A New Reason to Get Out Into the Sunshine

New studies suggest that sunlight is essential for children’s eye health

By Jill L. Ferguson

March 11, 2017


Photo by Mories602/iStock

Does spending time outdoors really matter? According to a series of studies, it absolutely does—especially where the health of children’s eyes is concerned. Ophthalmologists and eye health researchers around the world have been trying to determine why myopia (nearsightedness) rates have skyrocketed, doubling over the last century. They now think the answer lies in exposure to sunlight.

Myopia, according to the National Eye Institute, is a disorder; more specifically, a “refractive error where close objects appear clearly, but distant objects appear blurry.” This is caused when the eye is slightly elongated or the cornea is too steep, thus causing light rays to focus in front of the retina instead of on it. Myopia typically rears its head in children who are either school-aged or adolescent, as these are the times when the eye is growing. 

Originally, myopia was thought to develop in kids who read too much and/or in those who had parents with the disorder. Today’s researchers, however, realize that bookwormish tendencies are not in fact a cause of nearsightedness; rather, the culprits are genetics and, according to new research, not spending sufficient time in sunlight.

Dr. Donald Mutti, of the Ohio State University College of Optometry, explains, “Brighter visible light outside stimulates the release of dopamine from the retina, and that dopamine slows down the growth of the eye.” Dr. Mutti and his colleagues have long studied the ways in which playing sports and spending time outdoors affects children’s eye health. They recently found that “children who are genetically predisposed to nearsightedness are three times less likely to need glasses if they spend at least 14 hours a week outdoors, compared to children who spend less than five hours a week outdoors.” The reason is still somewhat indeterminate—Mutti explains that UVB rays create vitamin D, which may benefit the eyes, but that the theory still needs more testing.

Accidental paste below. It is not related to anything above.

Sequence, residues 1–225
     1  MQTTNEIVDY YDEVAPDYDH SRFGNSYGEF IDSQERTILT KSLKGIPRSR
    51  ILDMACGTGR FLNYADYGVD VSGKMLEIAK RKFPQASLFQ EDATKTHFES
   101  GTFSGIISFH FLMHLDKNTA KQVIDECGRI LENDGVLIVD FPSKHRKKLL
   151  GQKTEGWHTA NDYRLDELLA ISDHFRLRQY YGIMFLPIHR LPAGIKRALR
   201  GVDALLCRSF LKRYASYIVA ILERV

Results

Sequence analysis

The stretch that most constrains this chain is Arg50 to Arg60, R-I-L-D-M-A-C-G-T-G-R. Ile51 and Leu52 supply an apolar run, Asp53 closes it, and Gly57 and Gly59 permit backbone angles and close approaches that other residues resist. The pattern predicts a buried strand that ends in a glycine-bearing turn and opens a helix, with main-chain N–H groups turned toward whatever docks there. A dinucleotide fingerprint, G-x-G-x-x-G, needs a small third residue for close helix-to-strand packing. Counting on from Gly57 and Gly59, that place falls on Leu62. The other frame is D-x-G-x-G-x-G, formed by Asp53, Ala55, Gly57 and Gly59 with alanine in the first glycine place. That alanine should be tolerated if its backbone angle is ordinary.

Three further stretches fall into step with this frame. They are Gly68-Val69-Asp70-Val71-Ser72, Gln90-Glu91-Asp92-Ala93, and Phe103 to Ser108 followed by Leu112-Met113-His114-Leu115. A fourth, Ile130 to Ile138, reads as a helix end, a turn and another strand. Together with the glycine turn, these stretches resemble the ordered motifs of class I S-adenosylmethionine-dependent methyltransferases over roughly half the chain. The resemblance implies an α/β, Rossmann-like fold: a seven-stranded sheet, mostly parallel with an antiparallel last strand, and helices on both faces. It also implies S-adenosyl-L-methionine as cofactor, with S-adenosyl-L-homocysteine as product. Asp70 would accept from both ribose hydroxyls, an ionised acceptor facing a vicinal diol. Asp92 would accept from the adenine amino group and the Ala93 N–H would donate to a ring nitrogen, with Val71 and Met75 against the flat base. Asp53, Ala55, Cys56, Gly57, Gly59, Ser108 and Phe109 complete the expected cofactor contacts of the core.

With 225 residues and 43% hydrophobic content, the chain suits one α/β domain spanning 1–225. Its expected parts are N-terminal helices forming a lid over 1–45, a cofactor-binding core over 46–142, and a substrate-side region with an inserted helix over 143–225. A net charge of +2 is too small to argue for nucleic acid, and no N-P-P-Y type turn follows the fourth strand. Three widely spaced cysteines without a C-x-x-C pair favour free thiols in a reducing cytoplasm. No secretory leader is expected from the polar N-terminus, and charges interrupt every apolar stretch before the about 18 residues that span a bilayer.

What’s more, Dr. Ian Morgan, of Australian National University and Sun Yat-sen University in China, along with his colleagues, has found that children become very myopic in East and Southeast Asia, where they’re subjected to intensive schooling and typically get outside for less than an hour per day. Dr. Morgan says recent controlled trials, which have introduced a mandated two-hour outside period per day for children, halved the rate of new myopia cases.

Dr. Morgan goes on to explain that 10,000 lux—lux is a unit of light measurement or intensity on a surface—is necessary to protect eyes’ health. Both Morgan and Mutti say that even on cloudy days, natural light intensity could be sufficient to provide kids with enough lux. And Nature put lux into perspective by stating that even the brightest of offices or classrooms emit only about 500 lux. This means that staying indoors most of the day will never expose eyes to enough dopamine stimulation to maintain optimal eye health.  

Interestingly, it is not the intensity of sunlight exposure, nor the outdoor activity, that matters when it comes to children’s eye health. One recent study found that reading outside or having a picnic was just as effective for myopia prevention as playing sports.

Chalk it up as being one more reason to encourage your child to take a break from studying or playing video games or watching TV, and to go outside and play. After all, the health of their eyes depends on it. Just don’t forget the sunscreen and sunglasses!